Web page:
Selena Gomez's Kidney Transplant Due to Lupus Highlights Need for Donors - NBC 5 Dallas-Fort Worth

Selena Gomez's Kidney Transplant Due to Lupus Highlights Need for Donors

Gomez revealed her lupus diagnosis in 2015 and took a break from her career last year to deal with anxiety, panic attacks and depression stemming from her battle with the disease

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    NEWSLETTERS

    Selena Gomez Undergoes Kidney Transplant

    A pop star with North Texas ties is bringing attention to a disease that's rarely in the spotlight. Selena Gomez revealed she's recovering from a kidney transplant that was necessary because of her battle with lupus, an autoimmune disease. (Published Thursday, Sept. 14, 2017)

    North Texas native Selena Gomez recently received a kidney transplant from television actress Francia Raisa due to her struggle with lupus, the actress-singer revealed Thursday.

    Gomez disclosed in an Instagram post confirmed by her publicist that she has been somewhat out of the spotlight this summer because she was recovering from the procedure. The 25-year-old calls the transplant "what I needed to do for my overall health."

    The post didn't reveal Gomez's current condition or say where or when the procedure took place. Gomez's publicist declined to release more information.

    Gomez wrote "there aren't words to describe" how she can thank Raisa, who she says gave "the ultimate gift and sacrifice by donating her kidney."

    "I am incredibly blessed," she added.

     

    I’m very aware some of my fans had noticed I was laying low for part of the summer and questioning why I wasn’t promoting my new music, which I was extremely proud of. So I found out I needed to get a kidney transplant due to my Lupus and was recovering. It was what I needed to do for my overall health. I honestly look forward to sharing with you, soon my journey through these past several months as I have always wanted to do with you. Until then I want to publicly thank my family and incredible team of doctors for everything they have done for me prior to and post-surgery. And finally, there aren’t words to describe how I can possibly thank my beautiful friend Francia Raisa. She gave me the ultimate gift and sacrifice by donating her kidney to me. I am incredibly blessed. I love you so much sis. Lupus continues to be very misunderstood but progress is being made. For more information regarding Lupus please go to the Lupus Research Alliance website: www.lupusresearch.org/ -by grace through faith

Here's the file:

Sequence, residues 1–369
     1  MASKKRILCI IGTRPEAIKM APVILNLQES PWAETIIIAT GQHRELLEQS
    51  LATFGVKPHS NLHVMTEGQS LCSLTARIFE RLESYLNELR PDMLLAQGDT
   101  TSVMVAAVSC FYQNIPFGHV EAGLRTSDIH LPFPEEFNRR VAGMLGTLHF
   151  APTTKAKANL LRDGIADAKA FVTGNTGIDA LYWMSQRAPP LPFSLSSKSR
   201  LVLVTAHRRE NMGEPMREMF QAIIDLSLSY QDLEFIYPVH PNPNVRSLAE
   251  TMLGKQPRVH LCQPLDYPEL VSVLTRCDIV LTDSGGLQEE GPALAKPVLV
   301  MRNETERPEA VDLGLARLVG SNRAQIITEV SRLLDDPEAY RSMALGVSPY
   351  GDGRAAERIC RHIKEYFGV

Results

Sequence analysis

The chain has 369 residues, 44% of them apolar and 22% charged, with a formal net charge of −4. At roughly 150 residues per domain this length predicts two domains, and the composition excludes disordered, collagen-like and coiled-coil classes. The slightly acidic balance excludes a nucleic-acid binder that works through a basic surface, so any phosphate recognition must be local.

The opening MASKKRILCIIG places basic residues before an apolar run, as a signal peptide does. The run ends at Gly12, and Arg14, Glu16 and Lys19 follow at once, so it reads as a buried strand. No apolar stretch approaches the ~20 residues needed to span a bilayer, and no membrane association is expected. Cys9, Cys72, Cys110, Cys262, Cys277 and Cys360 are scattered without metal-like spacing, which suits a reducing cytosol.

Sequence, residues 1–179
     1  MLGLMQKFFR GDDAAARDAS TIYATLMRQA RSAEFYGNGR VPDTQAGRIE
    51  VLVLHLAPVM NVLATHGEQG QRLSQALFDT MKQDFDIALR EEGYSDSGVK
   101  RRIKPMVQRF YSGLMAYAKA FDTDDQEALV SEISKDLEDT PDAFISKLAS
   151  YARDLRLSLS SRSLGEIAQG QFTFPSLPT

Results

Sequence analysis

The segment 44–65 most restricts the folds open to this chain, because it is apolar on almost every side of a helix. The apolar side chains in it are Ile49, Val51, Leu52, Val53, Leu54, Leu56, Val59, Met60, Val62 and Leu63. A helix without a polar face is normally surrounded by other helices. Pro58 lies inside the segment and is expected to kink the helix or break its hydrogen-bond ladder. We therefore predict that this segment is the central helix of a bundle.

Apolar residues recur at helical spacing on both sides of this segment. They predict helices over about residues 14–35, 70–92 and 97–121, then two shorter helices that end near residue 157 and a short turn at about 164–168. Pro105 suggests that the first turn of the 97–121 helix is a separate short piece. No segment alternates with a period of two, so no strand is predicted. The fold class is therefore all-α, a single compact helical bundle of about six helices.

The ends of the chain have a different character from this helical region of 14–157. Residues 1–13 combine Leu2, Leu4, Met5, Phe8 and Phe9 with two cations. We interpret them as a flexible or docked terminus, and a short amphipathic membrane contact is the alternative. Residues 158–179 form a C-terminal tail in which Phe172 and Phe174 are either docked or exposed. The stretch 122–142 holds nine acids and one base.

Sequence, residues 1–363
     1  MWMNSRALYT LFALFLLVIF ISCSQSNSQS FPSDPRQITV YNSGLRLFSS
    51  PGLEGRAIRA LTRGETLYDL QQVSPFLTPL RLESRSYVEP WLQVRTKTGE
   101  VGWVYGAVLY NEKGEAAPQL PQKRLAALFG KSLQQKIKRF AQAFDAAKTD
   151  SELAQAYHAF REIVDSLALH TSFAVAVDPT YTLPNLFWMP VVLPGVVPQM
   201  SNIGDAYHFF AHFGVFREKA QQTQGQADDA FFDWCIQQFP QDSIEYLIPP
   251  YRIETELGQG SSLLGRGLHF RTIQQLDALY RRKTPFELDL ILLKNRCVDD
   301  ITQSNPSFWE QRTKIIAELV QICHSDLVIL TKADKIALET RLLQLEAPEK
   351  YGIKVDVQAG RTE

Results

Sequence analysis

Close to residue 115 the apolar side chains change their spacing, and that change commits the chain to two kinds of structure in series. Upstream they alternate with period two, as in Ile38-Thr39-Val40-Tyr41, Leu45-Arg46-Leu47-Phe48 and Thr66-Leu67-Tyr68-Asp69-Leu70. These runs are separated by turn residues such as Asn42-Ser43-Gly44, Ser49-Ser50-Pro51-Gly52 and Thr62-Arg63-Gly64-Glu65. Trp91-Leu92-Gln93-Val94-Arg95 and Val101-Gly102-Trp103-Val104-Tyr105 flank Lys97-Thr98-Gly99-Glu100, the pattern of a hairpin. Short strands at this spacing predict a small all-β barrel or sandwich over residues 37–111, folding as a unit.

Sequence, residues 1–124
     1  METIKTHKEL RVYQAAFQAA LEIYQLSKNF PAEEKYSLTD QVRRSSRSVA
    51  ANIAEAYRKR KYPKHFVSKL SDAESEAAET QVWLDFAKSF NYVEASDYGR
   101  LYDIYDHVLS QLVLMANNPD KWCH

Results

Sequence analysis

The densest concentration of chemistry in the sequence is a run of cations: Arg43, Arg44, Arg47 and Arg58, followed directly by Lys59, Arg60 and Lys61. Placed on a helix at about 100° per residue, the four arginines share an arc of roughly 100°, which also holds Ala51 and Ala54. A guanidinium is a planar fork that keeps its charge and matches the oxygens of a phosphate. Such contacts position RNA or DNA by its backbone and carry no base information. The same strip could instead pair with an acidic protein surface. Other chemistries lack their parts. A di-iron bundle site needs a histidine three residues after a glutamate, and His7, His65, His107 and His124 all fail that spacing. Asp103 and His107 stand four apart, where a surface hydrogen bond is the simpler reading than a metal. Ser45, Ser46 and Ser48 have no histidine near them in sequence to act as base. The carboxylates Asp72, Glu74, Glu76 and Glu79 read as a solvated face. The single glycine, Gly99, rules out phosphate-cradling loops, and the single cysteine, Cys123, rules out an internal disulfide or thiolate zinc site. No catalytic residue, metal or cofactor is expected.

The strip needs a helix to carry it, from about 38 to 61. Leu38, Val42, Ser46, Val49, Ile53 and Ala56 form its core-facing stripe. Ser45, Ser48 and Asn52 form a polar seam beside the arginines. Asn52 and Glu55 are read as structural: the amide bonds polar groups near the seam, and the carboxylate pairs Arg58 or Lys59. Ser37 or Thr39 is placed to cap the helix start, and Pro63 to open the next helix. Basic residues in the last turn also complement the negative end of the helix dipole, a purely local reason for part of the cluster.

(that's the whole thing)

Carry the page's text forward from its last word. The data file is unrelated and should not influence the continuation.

A post shared by Selena Gomez (@selenagomez) on


    The Instagram post includes a picture of Gomez and Raisa holding hands while lying side-by-side in hospital beds and another photo of a scar on Gomez's abdomen. The 29-year-old Raisa is best known for her role on the ABC Family series "The Secret Life of the American Teenager." Raisa's publicist didn't immediately return a request for comment Thursday.

    Gomez revealed her lupus diagnosis in 2015 and took a break from her career last year to deal with anxiety, panic attacks and depression stemming from her battle with the disease.

    Selena Gomez Reveals Kidney Transplant on InstagramSelena Gomez Reveals Kidney Transplant on Instagram